Parenteral drug abuse is commonly associated with transmission of infectious diseases such as hepatitis and HIV.
Both tolerance and physical dependence can develop during chronic opioid therapy. Tolerance is the need for increasing doses of opioids to maintain a defined effect such as analgesia (in the absence of disease progression or other external factors). Tolerance may occur to both the desired and undesired effects of drugs, and may develop at different rates for different effects.
Physical dependence results in withdrawal symptoms after abrupt discontinuation or a significant dosage reduction of a drug. Withdrawal also may be precipitated through the administration of drugs with opioid antagonist activity (e.g., naloxone, nalmefene), mixed agonist/antagonist analgesics (e.g., pentazocine, butorphanol, nalbuphine), or partial agonists (e.g., buprenorphine). Physical dependence may not occur to a clinically significant degree until after several days to weeks of continued opioid usage.
Ibudone® should not be abruptly discontinued in a physically-dependent patient (see DOSAGE AND ADMINISTRATION: Discontinuation of Ibudone®). If Ibudone® is abruptly discontinued in a physically-dependent patient, a withdrawal syndrome may occur. Some or all of the following can characterize this syndrome: restlessness, lacrimation, rhinorrhea, yawning, perspiration, chills, myalgia, and mydriasis. Other signs and symptoms also may develop, including irritability, anxiety, backache, joint pain, weakness, abdominal cramps, insomnia, nausea, anorexia, vomiting, diarrhea, or increased blood pressure, respiratory rate, or heart rate.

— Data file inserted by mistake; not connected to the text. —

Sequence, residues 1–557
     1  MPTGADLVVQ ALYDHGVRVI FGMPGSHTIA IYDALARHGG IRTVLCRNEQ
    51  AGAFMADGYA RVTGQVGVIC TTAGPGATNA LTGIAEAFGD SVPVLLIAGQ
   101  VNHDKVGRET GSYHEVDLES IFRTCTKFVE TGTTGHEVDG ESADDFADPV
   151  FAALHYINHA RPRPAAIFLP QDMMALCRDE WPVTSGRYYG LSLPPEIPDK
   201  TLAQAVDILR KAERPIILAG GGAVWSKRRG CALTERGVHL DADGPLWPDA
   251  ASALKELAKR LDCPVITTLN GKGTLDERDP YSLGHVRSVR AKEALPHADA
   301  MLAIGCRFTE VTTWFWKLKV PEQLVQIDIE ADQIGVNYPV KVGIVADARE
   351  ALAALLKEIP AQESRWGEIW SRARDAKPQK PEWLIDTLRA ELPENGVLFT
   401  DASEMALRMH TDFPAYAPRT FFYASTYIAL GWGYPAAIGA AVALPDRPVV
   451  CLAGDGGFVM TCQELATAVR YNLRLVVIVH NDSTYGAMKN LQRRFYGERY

Infants born to mothers physically dependent on opioids will also be physically dependent and may exhibit respiratory difficulties and withdrawal signs (see PRECAUTIONS: Pregnancy).
Following an acute overdosage, toxicity may result from hydrocodone and/or ibuprofen.
Acute overdose with opioids can be manifested by respiratory depression, somnolence progressing to stupor or coma, skeletal muscle flaccidity, cold and clammy skin, constricted pupils, and, in some cases, pulmonary edema, bradycardia, hypotension, partial or complete airway obstruction, atypical snoring, and death. Marked mydriasis rather than miosis may be seen with hypoxia in overdose situations.